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Posted On 12.01.14 by in Auto Accidents
Each year, nearly 1.5 million Americans sustain some type of brain-related injury. From mild to severe, brain injuries can completely change a person’s life. In most cases, brain injuries can be difficult to detect when the injury was caused by a mild event or trauma. However, these injuries are still substantial and should be treated. This article will discuss the main types of brain injuries and what to do if you believe that you or a loved one has suffered a brain injury relating to an accident.
Brain injuries are caused by a shake, bump, blow, or penetration to the head. As mentioned above, brain injuries can range from mild to severe. Also, brain injury symptoms can be very subtle and nearly impossible to detect. The most common causes of brain injuries, include:
Slip and fall accidents
Contact sports (football, hockey)
Non-contact sports (bicycling)
Acts of aggression, assault, abuse, or violence
Closed-head injuries – These types of injuries are often difficult to detect because there are no outside physical indicators that an injury has occurred – for instance, blood would be present in an open-head injury sustained in an automobile accident where an individual’s head comes in blunt contact with a windshield. A closed-head injury example could be whiplash. The violent, abrupt jerk of the head can cause brain injuries, but there are no physical indicators present, such as blood.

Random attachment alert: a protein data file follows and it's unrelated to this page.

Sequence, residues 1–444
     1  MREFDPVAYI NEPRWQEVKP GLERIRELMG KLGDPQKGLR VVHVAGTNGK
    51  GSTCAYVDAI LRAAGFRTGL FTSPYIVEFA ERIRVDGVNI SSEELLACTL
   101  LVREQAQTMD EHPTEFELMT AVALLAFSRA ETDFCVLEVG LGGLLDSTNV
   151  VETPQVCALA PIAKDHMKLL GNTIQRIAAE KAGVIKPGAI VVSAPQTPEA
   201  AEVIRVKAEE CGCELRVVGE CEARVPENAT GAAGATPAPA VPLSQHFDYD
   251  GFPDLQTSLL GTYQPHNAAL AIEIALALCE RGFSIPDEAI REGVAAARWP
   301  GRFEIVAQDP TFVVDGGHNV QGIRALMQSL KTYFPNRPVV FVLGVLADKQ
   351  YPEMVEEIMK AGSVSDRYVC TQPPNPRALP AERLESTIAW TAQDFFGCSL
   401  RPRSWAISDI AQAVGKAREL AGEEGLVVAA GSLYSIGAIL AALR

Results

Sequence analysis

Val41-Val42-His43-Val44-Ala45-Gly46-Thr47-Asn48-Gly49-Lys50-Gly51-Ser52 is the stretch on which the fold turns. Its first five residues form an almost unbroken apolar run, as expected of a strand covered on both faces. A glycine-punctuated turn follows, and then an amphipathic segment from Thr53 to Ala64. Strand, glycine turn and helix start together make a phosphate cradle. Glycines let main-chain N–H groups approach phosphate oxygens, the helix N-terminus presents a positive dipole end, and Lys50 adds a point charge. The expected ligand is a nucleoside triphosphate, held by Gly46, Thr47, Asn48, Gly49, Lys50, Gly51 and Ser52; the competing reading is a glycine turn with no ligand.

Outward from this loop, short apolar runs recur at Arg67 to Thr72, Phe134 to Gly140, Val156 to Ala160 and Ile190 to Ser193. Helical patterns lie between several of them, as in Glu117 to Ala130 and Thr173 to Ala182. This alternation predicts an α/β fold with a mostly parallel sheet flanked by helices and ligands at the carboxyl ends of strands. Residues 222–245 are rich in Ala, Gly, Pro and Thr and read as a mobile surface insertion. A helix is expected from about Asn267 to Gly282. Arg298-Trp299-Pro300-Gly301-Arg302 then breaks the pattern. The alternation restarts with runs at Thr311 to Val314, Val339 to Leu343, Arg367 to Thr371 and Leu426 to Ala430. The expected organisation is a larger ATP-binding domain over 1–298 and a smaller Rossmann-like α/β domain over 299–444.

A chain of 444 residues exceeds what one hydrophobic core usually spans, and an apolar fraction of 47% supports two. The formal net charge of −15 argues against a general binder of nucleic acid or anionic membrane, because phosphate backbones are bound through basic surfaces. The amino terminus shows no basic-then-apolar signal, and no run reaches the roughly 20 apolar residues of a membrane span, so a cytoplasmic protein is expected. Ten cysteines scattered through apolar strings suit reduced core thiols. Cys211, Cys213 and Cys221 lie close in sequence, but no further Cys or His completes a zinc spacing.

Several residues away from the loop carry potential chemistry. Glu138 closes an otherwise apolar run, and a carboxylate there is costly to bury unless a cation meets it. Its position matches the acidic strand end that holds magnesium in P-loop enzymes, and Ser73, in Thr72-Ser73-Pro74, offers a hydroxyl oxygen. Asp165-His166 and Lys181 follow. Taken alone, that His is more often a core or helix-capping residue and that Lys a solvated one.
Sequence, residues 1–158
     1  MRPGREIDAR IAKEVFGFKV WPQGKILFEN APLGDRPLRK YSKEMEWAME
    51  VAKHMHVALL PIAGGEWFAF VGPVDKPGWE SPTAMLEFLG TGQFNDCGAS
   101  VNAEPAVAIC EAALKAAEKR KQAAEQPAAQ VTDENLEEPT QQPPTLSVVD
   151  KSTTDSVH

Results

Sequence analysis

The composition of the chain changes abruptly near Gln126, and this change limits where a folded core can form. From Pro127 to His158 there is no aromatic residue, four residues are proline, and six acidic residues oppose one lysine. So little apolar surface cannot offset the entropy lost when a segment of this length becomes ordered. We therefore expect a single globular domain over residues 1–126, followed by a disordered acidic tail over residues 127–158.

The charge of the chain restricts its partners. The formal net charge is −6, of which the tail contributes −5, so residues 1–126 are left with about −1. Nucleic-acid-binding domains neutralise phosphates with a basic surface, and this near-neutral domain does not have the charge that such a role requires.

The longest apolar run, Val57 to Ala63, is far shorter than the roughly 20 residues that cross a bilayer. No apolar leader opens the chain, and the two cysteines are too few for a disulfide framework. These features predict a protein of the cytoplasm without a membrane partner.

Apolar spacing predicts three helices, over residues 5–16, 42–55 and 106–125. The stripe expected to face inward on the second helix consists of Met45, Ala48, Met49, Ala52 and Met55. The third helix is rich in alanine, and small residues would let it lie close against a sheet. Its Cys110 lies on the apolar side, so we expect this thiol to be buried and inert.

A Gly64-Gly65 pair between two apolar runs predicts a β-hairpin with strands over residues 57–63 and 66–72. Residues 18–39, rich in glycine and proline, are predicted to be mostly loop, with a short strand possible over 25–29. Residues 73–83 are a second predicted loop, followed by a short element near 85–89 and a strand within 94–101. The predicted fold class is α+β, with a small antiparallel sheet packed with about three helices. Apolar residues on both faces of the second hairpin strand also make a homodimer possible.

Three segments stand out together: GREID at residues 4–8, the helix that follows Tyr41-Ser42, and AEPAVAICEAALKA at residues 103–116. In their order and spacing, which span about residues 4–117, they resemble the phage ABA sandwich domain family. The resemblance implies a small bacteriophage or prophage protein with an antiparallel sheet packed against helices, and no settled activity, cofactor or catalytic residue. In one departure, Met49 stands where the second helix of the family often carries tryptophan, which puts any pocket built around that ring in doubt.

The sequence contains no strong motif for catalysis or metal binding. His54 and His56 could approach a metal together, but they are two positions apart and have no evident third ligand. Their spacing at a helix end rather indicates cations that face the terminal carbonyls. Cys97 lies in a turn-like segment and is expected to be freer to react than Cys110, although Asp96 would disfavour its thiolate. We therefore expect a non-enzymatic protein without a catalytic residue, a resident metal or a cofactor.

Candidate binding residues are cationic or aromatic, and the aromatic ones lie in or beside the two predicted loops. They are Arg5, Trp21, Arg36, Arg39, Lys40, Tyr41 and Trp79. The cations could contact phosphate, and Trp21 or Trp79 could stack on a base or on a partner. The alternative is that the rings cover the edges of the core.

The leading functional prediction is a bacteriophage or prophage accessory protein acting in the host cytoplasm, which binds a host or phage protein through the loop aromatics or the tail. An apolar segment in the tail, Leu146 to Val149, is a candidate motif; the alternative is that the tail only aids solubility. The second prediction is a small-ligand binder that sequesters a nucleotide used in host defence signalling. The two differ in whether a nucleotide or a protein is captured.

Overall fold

Concussion – This type of brain injury results from the violent shaking of the brain. Concussions usually occur when there is a blow or jolt to the head from strong contact, such as a football-related injury. As many as 30% of football players suffer from a concussion each year.
Acquired brain injury – This type of brain injury does not result from an outside trauma to the head, but instead are sustained when brain cells are deprived of oxygen. Examples might be a painter inhaling toxic fumes or an individual involved in a near-drowning incident where the brain does not receive sufficient oxygen, leading to an acquired brain injury.
While symptoms of brain injuries will vary depending on the severity of the trauma, the list below outlines the most common symptoms of brain injuries:
Inability to concentrate
Changes in mood or behavior
Changes in cognitive function (trouble thinking, speaking, or reading)
Loss of balance
It is important to note that a loss of consciousness can happen with brain injuries, but brain injuries can occur without loss of consciousness. Also, brain injury symptoms are often delayed, therefore it is important to get checked by a physician immediately after a physically traumatic experience like a car accident. Even if you feel fine after an accident, you still may have sustained a brain injury. Therefore, it is essential to be checked by a doctor.
If you believe that you or a loved one has suffered a brain injury from an accident, seek medical attention immediately. Be sure to contact an experienced personal injury attorney who can organize your case and get you the compensation that you deserve. The attorneys at Ingerman & Horwitz specialize in personal injury cases and know how to construct your case and stand up for you in court.
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